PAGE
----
Trusts can help families preserve their assets

When most people think about estate planning, they often think about drafting a will to ensure that specific property will go to a specific person. They may also make arrangements for the care of their children, and also discuss the type of health care that they are to receive should they become incapacitated.

While a will is definitely a good first step, there are other items that may help people protect their families. Many individuals are passing along some of their property through trusts, which allow the family to avoid certain implications that may have a negative effect. This article discusses some of the types of trusts that may be available to individuals creating an estate plan.

Special needs trusts

These trusts are most common for families who have children with disabilities who are unable to care for themselves. Parents want to be sure that the child will be cared for after they pass away, and the special needs trust allows the family to set up a system where the child can continue to receive government benefits even after receiving an inheritance.

Failing to set up a special needs trust may mean that the child's benefits could be terminated if he or she receives an inheritance from the parents. The trust can distribute money toward the care of the child, and also contain provisions that establish a residence for the child. This may be the parent's home or other locations where the child currently resides.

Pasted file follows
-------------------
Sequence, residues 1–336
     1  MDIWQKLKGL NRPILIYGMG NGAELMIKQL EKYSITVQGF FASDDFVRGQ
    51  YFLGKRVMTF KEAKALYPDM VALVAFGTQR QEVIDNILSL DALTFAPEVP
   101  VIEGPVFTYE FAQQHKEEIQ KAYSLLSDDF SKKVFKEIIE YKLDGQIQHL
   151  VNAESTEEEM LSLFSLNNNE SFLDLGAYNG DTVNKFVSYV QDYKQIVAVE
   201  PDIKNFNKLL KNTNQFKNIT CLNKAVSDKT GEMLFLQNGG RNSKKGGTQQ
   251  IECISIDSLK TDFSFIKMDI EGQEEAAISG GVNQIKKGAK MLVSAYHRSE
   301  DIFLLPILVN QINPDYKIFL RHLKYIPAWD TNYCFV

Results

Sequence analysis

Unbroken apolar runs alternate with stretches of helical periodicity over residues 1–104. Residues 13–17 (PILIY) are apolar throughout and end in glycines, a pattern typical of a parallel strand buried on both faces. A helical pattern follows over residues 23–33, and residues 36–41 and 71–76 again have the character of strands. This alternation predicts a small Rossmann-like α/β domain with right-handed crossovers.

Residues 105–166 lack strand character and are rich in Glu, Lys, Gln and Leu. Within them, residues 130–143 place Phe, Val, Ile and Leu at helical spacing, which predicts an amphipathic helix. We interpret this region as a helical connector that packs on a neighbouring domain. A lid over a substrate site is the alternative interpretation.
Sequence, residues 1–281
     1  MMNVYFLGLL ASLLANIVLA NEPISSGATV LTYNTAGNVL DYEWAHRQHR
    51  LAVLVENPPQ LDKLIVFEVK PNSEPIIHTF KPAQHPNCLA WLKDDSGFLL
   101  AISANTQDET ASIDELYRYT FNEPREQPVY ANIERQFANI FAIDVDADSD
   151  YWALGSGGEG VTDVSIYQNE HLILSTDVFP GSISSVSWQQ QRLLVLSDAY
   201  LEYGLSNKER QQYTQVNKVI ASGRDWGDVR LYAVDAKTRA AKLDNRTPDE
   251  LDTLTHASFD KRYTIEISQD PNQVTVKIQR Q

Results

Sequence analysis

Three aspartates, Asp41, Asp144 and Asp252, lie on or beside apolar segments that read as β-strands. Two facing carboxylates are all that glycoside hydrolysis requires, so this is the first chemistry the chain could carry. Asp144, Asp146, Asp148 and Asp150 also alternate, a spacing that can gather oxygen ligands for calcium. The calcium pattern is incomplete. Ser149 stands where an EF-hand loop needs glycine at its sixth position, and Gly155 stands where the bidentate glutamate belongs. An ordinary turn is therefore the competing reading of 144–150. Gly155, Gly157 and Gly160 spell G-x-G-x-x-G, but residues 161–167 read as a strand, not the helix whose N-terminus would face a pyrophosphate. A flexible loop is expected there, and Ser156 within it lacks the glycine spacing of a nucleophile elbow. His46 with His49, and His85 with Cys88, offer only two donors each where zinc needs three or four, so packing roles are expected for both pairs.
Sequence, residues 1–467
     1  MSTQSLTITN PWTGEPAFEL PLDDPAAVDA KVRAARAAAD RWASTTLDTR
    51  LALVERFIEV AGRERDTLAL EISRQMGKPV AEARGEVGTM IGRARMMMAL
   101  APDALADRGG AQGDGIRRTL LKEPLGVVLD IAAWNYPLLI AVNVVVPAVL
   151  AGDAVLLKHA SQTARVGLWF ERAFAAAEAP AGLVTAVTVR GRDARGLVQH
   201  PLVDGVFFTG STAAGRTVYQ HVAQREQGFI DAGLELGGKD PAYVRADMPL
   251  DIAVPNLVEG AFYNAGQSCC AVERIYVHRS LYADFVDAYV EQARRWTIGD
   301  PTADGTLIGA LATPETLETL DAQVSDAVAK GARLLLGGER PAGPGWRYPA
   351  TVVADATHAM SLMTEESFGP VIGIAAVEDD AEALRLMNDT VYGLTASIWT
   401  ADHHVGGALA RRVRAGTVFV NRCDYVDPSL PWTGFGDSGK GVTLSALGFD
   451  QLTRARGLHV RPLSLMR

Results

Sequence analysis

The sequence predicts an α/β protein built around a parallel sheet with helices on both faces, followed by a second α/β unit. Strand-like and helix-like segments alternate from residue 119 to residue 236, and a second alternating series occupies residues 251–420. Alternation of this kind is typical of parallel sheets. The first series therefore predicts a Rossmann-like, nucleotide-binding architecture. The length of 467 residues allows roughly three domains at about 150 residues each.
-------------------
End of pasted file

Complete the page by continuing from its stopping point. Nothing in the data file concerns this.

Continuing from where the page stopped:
Revocable trusts

When a revocable trust is set up, this is often done to allow a beneficiary to have access to assets before the trustor passes away. However, the trustor retains the power to terminate or change the trust while he or she is alive, subject to provisions contained in the trust.

Irrevocable trusts

Generally, individuals will consider irrevocable trusts when estate taxes may be an issue. These trusts will provide assets to a beneficiary at a certain point in time, such as when a child reaches a specific age or when the trustor dies. This type of a trust is also an effective way to hand down family-owned businesses.

Unlike revocable trusts, which can be changed, irrevocable trusts by their nature limit the amount of control that a family has over the assets. This makes it extremely important that those drafting these documents understand the family's wishes at the time the trust is created.

AB trusts

AB trusts are also focused on the tax consequences that arise after a person passes away. These trusts concern estate tax exemptions for married couples. Often, the trusts are designed to ensure that the surviving spouse is able to remain in the couple's home until he or she also passes away.

If you have questions about how a trust can help you pass along your assets, speak to an experienced estate planning attorney in your area. Each family situation is different, and you want to make sure that you are working with someone who is taking the time to understand your needs. A comprehensive estate plan can help you feel confident that your family will be provided for after you pass away.